“This has been a long journey. We have confronted many hurdles, and tonight I believe we have overcome yet another one.
“I asked Senators Schumer and Pryor to work with some of the most moderate and most progressive members of our diverse caucus, and tonight they have come to a consensus.
“It is a consensus that includes a public option and will help ensure the American people win in two ways: one, insurance companies will face more competition, and two, the American people will have more choices.
“I know not all 10 Senators in the room agree on every single detail of this, nor will all 60 members of my caucus. But I know we all appreciate the hard work that these progressives and moderates have done to move this historic debate forward.
“I want to thank Senators Schumer, Pryor, Brown, Carper, Feingold, Harkin, Landrieu, Lincoln, Nelson and Rockefeller for working together for the greater good and never losing sight of our shared goal: making it possible for every American to afford to live a healthy life.
“As is long-standing practice, we do not disclose details of any proposal before the Congressional Budget Office has a chance to evaluate it. We will wait for that to happen, but in the meantime, tonight we are confident.”
They declined to outline the specifics of the agreement, but said that the measures they had been discussing will be sent to the Congressional Budget Office office for cost estimates. Once the estimates are returned, the final deal will be put together.
"We have made a lot of progress. There's a lot of agreement. We have decided to take the next step and that is to ask the CBO to score what we've been discussing," said Sen. Tom Carper (D-Del.), one of five conservative Democrats negotiating with five liberals.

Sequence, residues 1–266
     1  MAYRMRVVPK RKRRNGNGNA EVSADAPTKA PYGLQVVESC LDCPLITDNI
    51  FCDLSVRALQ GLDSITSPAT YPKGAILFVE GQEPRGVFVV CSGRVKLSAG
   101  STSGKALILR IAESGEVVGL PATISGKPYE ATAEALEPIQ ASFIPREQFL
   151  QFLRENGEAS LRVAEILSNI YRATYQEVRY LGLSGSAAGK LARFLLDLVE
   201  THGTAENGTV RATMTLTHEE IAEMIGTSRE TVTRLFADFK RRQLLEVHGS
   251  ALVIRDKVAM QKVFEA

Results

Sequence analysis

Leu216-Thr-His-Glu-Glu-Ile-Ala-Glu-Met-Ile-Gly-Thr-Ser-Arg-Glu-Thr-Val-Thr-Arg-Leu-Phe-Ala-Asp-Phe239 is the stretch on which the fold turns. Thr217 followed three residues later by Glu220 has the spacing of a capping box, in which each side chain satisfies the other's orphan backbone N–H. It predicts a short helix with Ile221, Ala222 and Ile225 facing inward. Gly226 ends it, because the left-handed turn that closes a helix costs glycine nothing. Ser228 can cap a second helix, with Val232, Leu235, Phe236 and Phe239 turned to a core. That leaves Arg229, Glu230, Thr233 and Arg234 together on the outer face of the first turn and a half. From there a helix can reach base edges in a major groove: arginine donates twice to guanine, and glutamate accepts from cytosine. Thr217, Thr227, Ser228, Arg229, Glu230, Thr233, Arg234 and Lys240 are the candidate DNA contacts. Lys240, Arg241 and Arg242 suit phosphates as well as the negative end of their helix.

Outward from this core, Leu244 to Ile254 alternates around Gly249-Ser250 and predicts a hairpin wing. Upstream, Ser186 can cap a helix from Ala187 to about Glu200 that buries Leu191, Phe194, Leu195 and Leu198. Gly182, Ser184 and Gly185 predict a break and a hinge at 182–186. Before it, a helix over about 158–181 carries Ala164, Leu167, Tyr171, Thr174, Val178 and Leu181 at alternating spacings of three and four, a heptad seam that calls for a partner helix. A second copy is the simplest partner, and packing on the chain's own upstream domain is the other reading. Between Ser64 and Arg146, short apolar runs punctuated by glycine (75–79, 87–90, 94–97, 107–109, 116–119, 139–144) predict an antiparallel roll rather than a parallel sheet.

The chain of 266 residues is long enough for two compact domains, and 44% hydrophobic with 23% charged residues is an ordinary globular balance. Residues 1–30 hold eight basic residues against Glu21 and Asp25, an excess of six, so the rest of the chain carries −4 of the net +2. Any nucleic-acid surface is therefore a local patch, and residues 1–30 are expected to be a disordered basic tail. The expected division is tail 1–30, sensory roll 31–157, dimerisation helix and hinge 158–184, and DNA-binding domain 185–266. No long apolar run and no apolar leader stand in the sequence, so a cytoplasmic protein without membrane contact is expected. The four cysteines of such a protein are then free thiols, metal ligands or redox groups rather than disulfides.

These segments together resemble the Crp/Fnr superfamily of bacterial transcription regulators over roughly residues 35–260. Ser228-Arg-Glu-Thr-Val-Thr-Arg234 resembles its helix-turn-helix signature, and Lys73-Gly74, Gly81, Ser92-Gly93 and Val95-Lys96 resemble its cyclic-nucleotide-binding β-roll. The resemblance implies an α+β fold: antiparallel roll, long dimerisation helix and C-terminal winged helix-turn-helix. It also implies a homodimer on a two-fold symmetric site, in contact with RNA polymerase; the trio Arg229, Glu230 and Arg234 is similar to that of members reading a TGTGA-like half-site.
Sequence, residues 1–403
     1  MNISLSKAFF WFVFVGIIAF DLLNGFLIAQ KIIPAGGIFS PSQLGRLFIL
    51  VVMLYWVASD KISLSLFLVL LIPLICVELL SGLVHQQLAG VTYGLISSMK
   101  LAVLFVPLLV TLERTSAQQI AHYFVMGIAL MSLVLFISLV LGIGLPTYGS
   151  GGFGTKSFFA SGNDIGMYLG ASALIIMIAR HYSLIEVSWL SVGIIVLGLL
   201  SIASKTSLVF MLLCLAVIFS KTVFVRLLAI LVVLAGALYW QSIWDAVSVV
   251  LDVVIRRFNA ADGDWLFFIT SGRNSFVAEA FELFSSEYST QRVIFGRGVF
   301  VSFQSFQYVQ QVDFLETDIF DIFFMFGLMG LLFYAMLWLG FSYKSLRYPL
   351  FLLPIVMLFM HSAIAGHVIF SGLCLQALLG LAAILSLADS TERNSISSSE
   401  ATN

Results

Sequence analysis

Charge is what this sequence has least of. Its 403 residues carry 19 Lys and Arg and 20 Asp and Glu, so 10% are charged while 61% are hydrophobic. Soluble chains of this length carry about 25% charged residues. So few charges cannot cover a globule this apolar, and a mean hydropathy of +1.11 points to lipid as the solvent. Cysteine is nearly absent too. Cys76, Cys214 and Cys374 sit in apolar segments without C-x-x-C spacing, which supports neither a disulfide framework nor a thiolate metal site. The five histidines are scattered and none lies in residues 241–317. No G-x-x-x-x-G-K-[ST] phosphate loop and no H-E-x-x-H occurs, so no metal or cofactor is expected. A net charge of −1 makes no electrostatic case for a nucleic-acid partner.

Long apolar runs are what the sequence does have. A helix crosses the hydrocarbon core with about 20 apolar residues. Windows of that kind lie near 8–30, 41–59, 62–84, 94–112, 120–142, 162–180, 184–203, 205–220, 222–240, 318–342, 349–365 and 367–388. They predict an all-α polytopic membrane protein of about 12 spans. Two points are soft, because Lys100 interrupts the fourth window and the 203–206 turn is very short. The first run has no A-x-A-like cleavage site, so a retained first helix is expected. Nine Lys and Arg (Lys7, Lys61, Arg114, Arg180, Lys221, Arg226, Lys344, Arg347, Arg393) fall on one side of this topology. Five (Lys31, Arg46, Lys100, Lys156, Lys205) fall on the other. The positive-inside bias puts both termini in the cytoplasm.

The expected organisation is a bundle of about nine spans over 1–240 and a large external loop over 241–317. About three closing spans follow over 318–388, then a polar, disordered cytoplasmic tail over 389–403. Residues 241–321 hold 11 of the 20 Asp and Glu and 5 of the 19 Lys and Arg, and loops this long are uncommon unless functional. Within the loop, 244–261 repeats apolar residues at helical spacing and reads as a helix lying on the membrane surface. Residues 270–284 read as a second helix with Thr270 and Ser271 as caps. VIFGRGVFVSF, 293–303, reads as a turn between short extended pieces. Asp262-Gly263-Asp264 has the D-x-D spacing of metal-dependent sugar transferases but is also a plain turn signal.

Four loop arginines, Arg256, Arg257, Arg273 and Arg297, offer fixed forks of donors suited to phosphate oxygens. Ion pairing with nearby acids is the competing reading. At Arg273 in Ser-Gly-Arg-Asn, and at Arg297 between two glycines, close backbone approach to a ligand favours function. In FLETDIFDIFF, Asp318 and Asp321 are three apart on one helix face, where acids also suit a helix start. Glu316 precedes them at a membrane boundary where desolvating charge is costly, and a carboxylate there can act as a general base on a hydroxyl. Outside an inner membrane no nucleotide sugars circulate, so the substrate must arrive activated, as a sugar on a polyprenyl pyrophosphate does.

The discussion has focused on abandoning or greatly narrowing the public health insurance option. In exchange, people 55-64 would be able to buy in to Medicare and Medicaid eligibility would be expanded to people within 150 percent of the federal poverty line. And people within 300 percent of poverty would be eligible for a program pushed by Sen. Maria Cantwell (D-Wash.) modeled on her state's Basic Health. Cantwell is not one of the ten in the meetings but has stopped by to brief negotiators.
Senators, after the meeting, would not confirm which elements of the discussion were sent to CBO. Much will depend on the results of the CBO analysis.
Sen. Jay Rockefeller (D-W.Va.), one of the liberal members in negotiations, said that he was happy with where the talks had gone.
"I've got a smile on my face. I don't smile naturally," he said.
While re-affirming his fierce opposition to the "public option," Sen. Joseph Lieberman, I-Conn., showed an openness to consider the deal, which would create an insurance program regulated by the government but run by private insurance companies.
"My colleagues know where I am on the public option, which is I'm against it," he said before walking into his party's weekly luncheon. "And I think [they] also know that I'm open-minded on some of the other trade-offs."
While other moderate Democrats — like Sen. Ben Nelson of Nebraska and Blanche Lincoln of Arkansas — have opposed the public option as it is currently written in the Senate's health care bill, they have publicly entertained a willingness to vote for a scaled-back version.
But Lieberman has consistently vowed to block the bill if it contains any form of a government insurance program.
That stance, said Democratic aides, had made him the biggest obstacle to final passage of the bill.
Lieberman was explicit Tuesday that his openness hinged on any form of a public option being scrubbed from the bill, saying he refused to accept any deal that appeared to be "public option-light."